Rewriting URLs with Nginx

Rewriting URLs with Apache HTTPD can be pretty ugly. With Nginx it is a breeze. Take a look to this example:

server {
 listen 80;
 rewrite ^/(.*)$1 permanent;

This will not just redirect your old URL to your new URL. It passes all the parameter to your new URL, too. If you are migrating a Web Application to new URL, this what you want. All old bookmarked URL are still working with this.

Load balancing with Nginx And Unicorn

Nginx is a pretty awesome lightweight Web Server for Linux. You can use it to deliver static web content. But you can use at as a load balancer, too. If you have a Ruby on Rails Application running on multiple unicorn servers, than Nginx can do the load balancing for the unicorn servers.

Just add the following lines to your “/etc/nginx/conf.d/default.conf”:

upstream unicorns { 
  server XXX.XXX.XXX.XXX:8080; 
  server <IP_ADDRESS>:<PORT>; 

XXX stands for an IP Address. You can add as many server lines as you want. The “ip_hash” is not mandatory. This just if you want to force nginx to send the requests from a particular user every time to the same app server. If your Web Application is REST ful and Stateless you don’t need it. Otherwise you should add the line.

Now you just have to add one block for your domain:

server {
  listen 80;
  location / { 
    proxy_pass http://unicorns; 

And that’s it.

One more thing. If you want limit the file upload size or you have problems with big HTML5 AJAX requests, you should add a little bit more. Here is a more complete example:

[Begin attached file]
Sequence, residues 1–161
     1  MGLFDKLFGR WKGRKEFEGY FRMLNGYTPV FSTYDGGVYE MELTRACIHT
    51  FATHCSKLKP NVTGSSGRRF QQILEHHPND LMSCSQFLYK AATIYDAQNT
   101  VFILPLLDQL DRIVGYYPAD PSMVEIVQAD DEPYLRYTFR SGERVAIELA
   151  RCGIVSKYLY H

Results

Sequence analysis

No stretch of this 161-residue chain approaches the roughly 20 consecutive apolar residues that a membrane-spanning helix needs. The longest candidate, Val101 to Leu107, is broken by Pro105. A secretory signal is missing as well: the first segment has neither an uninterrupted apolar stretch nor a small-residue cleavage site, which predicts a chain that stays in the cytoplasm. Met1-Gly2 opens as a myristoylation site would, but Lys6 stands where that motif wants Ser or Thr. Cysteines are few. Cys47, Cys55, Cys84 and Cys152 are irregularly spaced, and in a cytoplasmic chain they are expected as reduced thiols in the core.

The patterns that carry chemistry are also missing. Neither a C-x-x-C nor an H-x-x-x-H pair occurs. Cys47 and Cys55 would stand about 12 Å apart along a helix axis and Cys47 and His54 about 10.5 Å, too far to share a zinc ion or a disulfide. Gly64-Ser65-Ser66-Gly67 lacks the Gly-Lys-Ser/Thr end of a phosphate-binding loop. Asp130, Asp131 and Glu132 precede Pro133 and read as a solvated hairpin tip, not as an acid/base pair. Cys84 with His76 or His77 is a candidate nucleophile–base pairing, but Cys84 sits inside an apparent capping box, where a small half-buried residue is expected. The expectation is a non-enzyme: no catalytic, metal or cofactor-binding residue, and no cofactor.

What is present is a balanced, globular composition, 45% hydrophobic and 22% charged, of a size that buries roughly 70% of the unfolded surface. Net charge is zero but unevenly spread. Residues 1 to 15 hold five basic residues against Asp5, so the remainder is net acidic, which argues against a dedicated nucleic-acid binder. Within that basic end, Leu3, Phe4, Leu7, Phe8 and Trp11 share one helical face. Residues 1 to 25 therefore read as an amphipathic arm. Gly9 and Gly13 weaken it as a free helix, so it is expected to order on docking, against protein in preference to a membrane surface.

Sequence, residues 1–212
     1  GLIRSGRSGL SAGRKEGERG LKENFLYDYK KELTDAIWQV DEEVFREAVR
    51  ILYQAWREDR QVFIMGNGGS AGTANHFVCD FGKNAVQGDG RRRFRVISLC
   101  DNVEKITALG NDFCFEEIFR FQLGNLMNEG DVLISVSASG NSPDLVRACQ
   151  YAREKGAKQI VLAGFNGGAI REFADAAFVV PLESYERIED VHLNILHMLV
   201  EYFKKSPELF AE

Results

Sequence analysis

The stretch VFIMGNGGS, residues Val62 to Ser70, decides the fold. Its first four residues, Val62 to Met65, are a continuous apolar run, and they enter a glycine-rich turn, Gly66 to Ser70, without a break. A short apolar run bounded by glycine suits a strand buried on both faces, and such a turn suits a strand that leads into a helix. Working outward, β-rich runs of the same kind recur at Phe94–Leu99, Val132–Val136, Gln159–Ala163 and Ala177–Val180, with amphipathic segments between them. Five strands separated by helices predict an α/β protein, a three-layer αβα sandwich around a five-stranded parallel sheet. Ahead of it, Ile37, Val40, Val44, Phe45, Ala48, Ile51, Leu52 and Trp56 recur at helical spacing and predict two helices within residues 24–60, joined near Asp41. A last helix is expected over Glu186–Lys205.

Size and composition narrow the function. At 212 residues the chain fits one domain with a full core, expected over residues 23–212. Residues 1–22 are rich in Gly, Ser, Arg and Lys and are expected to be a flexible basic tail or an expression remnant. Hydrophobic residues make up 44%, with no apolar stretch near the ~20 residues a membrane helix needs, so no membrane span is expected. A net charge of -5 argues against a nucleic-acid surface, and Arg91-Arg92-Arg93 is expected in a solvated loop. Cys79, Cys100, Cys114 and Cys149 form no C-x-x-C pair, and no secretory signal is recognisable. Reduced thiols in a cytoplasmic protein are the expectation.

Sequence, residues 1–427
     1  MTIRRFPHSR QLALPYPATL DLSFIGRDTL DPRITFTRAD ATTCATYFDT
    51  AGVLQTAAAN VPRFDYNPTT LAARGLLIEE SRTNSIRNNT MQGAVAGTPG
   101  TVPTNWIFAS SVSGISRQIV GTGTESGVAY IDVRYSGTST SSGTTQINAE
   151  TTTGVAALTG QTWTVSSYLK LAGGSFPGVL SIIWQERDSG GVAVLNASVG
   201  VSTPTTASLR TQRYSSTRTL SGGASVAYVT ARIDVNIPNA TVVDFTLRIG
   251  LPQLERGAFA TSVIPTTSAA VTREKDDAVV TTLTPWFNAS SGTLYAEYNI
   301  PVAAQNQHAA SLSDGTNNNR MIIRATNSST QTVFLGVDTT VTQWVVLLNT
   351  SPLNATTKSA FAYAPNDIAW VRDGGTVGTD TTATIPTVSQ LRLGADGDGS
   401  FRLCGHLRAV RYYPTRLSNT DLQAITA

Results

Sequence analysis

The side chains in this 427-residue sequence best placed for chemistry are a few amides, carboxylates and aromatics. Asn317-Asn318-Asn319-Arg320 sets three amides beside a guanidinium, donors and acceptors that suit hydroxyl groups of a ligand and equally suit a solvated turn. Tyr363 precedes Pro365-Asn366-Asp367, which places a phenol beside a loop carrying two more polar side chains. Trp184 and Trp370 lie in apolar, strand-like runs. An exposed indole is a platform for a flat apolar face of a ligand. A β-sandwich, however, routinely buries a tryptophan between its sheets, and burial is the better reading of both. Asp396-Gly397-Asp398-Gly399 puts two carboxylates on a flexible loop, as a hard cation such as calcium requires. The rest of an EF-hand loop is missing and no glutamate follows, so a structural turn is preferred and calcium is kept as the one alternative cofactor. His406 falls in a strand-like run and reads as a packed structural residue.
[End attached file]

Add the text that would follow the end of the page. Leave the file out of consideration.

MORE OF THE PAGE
server {
  listen 80;
  client_max_body_size 1M; 
  proxy_buffer_size 128k; 
  proxy_buffers 4 256k; 
  proxy_busy_buffers_size 256k; 
  location / { 
    proxy_pass http://unicorns; 

Bad Gateway with NGinx & Unicorn

I am using NGinx as proxy to load balance the traffic. Behind Nginx their are some unicorn servers. On Friday I did some changes on the server and I realized that I am always running into a Bad Gateway error. The way from Nginx to unicorn worked. But the way back not really.

I googled for it and I found out that the problem is the buffer size on NGinx. After setting the buffer sizes up like this here, it worked fine for me.

proxy_buffer_size   128k;
proxy_buffers   4 256k;
proxy_busy_buffers_size   256k;

You have to add this to your default.conf file in “/etc/nginx/conf”.

Installing Nginx 1.0.2 on Yellow Dog Linux

I just got an Yellow Dog Linux (YDL) up and running on Amazon EC2. YDL is based on Red Hat. The installation tool is called “yum”. It is similar to debians “apt-get” tool, but it is based on RPMs.

Anyway. You can install nginx via yum with this command:

sudo yum install nginx

But this is not the newest version. If you want the newest version you should install it from the source code. But at first you need to install some additional tools.

sudo yum install gcc
sudo yum install pcre
sudo yum install pcre-devel
sudo yum install zlib
sudo yum install zlib-devel
sudo yum install make

Now you can download the newest version with weget from the nginx page:

After the download you should unpack the *tar.gz file und navigate into the directory. Now you can install it with this 3 commands:

sudo ./configure
sudo make
sudo make install

If everything works fine it is installed here:


Now you can add “/usr/local/nginx/sbin” to your PATH or you just create a symlink in “/usr/bin”

cd /usr/bin
ln -s /usr/local/nginx/sbin/nginx

For security reason you should create a nginx group.

sudo useradd -s /sbin/nologin -r nginx
sudo usermod -a -G nginx <USERNMAE>

And you should have a place where you deploy your webapps.

sudo mkdir /var/www
sudo chgrp -R nginx /var/www
sudo chmod -R 755 /var/www

Now you can start nginx with this command:

sudo nginx

And stop it with this command:

sudo nginx -s stop